Quarter Life Crisis

The world according to Sven-S. Porst

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534 words

People love speculating about future Apple hardware. If a bag of rice falls over close to an Apple supplier over in Taiwan the rumour sites won’t miss the ‘news’ and report it. One thing that I expect to see at some stage in the not too distant future is a Mac without a DVD drive. And that’s particularly true for portable machines.

Since the PowerBook Duos were discontinued eons ago there have always been people who moaned the loss of those machines. Machines that are great for working ‘on the road’ and that are willing to make compromises for that. Apple took the position that they’d rather ship machines which are complete and save people the hassle of having to connect external devices. And, personally, I appreciated this.

With time moving on, however, the situation is changing little by little. The DVD-drive has taken a disproportionally large percentage of a mobile computer’s volume since the PowerBook G4, I think. Particularly so as Apple decided to go for a cleaner, thinner design instead of letting users opt for a second battery or hard drive instead of the DVD-drive as the G3 PowerBooks still allowed.

With more and more uses of the DVD-drive, from sending large files to getting music, having been moved to the magic tubes of the internet by now, the DVD-drive starts being less and less useful. And seeing that Apple are actually keen on selling you their online music and possibly even films, I assume that they start considering the DVD-drive as somewhat superfluous as well.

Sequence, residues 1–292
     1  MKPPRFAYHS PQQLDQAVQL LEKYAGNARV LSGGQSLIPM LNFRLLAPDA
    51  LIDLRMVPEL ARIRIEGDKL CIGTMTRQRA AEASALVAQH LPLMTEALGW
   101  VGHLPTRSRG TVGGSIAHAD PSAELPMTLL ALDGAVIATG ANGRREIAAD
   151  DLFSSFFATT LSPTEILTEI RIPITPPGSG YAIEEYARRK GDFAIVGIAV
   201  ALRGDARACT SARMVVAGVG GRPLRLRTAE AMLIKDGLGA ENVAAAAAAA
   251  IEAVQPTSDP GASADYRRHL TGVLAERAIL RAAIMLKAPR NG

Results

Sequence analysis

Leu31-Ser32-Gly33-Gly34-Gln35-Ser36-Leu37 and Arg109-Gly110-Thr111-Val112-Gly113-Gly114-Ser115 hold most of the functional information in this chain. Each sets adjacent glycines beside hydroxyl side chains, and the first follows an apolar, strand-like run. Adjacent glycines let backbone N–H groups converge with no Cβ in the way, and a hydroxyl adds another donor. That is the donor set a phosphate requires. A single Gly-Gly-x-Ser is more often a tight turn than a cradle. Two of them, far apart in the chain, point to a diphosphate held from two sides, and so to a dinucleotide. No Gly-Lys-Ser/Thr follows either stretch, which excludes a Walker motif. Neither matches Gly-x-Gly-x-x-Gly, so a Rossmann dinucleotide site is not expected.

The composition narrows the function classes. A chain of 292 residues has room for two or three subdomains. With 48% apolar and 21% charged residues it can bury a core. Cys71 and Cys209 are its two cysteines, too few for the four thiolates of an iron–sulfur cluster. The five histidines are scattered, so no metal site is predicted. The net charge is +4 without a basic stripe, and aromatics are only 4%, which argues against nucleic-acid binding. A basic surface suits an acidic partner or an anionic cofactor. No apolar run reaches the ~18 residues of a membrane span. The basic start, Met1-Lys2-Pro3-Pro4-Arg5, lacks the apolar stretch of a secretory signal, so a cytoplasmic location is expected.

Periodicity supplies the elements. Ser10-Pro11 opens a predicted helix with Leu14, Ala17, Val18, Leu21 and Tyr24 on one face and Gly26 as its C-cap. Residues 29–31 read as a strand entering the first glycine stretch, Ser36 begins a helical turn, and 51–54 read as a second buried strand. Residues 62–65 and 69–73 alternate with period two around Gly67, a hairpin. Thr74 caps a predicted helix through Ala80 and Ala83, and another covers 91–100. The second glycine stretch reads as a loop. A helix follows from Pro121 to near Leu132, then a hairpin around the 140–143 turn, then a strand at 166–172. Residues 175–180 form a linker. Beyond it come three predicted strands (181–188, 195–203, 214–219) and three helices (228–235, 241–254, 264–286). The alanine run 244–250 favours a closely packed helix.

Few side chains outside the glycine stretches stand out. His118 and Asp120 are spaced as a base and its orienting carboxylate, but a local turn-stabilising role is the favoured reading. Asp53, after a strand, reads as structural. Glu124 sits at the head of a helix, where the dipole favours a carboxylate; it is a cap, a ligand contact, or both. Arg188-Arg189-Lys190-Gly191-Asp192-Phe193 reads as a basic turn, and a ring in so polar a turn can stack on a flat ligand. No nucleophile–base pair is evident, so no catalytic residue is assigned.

Of course there are still places where you need that DVD drive. Software, including system software, comes on DVDs. But with external drives or partitions of drives working equally well, if not better, even for the most complicated installations, this isn’t primarily a technical issue. It’s more about getting everything into a pretty, foolproof, and user-friendly shape.

Looking at Apple’s other technologies, such as the mass-storage capabilities of iPods, the ability of their Airport station to host external drives, their iTunes store or the Time Machine software of the upcoming Mac OS X.5, makes it look likely that Apple could provide plenty of different ways to provide you with software without needing a DVD drive. It just remains to be seen which of these ways will be taken and when.

And while at the topic of DVDs – don’t they just royally suck? While I actually manage to own 7 or so DVDs by now, why can’t there be a simple DVD player? You know, the level of simplicity you had with VHS. No gazillions of settings or options for the image and sound, no region codes (even in my small selection I manage to have the natural ‘region 2’ DVDs, ‘region 1’ DVDs, a region free (0?) DVD and one which claims to be ‘region 2/3/4/5/6’), no stuff I neither want to see nor am ‘allowed’ to skip at the beginning of a disc. Sure, having extra sound tracks and subtitles is a great idea but those seem to be the only extra two buttons on a DVD player UI worth having (where the sound track switching button was already present on VCR remotes anyway).

August 2, 2007, 0:34

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